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Fun, Well-built Budget On-ears

A Review On: Ultimate Ears UE4000 Headphones

Ultimate Ears UE4000 Headphones

Rated # 51 in On-Ear
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Price paid: $39.99
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Pros: Fun sound, no bass bleed, outstanding build, incredibly low price, comfortable

Cons: Not crisp enough highs for some, adjustable headband can expand accidentally

Accessories: Includes a pouch and cable. Pouch is well-built, compact, and stylish. Soft, flexible cable has never tangled for me in my time with it. Right angled jack is durable and well-relieved. Remote is a little plasticky, but works well. 


Build Quality/Design: Absolutely fantastic at the price point. Mostly plastic build is sturdy enough for portable use and not brittle at all, though I wouldn't recommend transporting these in a bag outside of their case for extra assurance. Adjustable steel headband is solid, though the ratcheting mechanism can feel a little loose on my unit. I have not seen this problem in any other reviews, so I don't think it's a major issue. When shaken, they don't rattle at all. The high-gloss black finish is discrete but sleek, and the angled design on the earcups is a nice break from the flat or rounded back designs we so often see. The blue accents in the pivoting joints and on the cable provide nice contrast without being flashy at all.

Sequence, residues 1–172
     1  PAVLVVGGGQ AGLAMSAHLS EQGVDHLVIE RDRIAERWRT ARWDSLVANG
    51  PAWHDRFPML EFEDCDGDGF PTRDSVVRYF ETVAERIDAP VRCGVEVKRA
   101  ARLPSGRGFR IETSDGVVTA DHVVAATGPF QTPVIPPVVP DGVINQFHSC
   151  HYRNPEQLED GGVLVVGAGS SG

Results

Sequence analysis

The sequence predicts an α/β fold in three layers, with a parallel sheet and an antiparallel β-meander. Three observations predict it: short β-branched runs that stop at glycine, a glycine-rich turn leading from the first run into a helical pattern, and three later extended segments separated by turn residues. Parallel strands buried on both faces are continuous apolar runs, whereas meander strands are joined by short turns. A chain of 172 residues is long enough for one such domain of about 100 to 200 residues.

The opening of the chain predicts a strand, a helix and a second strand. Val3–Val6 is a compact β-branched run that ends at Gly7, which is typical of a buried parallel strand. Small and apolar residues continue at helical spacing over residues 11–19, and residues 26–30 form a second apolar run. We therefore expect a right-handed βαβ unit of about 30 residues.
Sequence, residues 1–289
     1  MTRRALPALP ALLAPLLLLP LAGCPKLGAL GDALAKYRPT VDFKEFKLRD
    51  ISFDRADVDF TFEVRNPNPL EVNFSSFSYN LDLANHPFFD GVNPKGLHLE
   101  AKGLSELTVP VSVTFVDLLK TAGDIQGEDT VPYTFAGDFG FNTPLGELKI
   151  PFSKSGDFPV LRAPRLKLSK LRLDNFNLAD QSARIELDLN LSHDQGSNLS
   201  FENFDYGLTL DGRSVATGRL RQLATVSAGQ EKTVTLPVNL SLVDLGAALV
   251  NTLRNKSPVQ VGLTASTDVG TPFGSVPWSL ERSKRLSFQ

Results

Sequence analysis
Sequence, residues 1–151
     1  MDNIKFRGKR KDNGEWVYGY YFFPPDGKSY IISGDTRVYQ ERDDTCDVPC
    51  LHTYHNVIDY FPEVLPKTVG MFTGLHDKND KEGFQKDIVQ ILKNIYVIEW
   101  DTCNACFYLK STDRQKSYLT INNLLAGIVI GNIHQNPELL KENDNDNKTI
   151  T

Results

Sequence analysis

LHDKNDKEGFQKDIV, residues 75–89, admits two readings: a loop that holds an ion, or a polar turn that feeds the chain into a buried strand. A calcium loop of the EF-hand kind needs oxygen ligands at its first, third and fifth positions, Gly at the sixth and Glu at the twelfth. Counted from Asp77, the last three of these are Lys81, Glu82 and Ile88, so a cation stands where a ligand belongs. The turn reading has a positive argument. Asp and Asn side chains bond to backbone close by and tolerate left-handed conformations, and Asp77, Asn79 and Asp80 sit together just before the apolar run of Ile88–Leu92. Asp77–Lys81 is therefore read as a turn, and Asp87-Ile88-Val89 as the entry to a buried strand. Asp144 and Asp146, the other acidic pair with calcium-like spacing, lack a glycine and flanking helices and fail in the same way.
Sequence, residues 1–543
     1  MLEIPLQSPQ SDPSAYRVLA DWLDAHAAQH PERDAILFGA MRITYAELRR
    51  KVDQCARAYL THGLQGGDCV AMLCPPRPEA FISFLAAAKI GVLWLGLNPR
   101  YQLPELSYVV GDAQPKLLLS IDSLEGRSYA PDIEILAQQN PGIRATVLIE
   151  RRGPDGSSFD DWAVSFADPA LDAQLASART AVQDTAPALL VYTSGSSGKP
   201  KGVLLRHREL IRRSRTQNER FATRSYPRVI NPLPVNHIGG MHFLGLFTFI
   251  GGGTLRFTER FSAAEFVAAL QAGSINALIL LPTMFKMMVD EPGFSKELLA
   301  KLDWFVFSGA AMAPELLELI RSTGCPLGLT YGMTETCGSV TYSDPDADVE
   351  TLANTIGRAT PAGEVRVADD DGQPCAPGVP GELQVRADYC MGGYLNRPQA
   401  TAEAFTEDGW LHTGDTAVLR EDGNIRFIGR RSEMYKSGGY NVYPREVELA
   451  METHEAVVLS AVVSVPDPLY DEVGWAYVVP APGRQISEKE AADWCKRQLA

Comfort/Isolation/Leakage: Because these are on-ears and I had mostly worn in-ears to this point, it took me a while to get used to the different form factor. However, after warming up to that, they are very comfortable. The earpads are soft but firm enough that your outer ear cannot feel any part of the earcup itself. They do rest on your ears, so if these are your first pair of on-ears make sure to stretch out the headband over a few nights. This can be done for this pair by putting them over their box. Clamping force is there but not as strong as something like the Beats Mixr. Padding on the headband could be a little thicker, but what's there is enough to be comfortable. Isolation is good but not the best due to the form factor. The more expensive UE 6000 has better passive isolation due to its over-ear design. Leakage is minimal at normal listening volumes.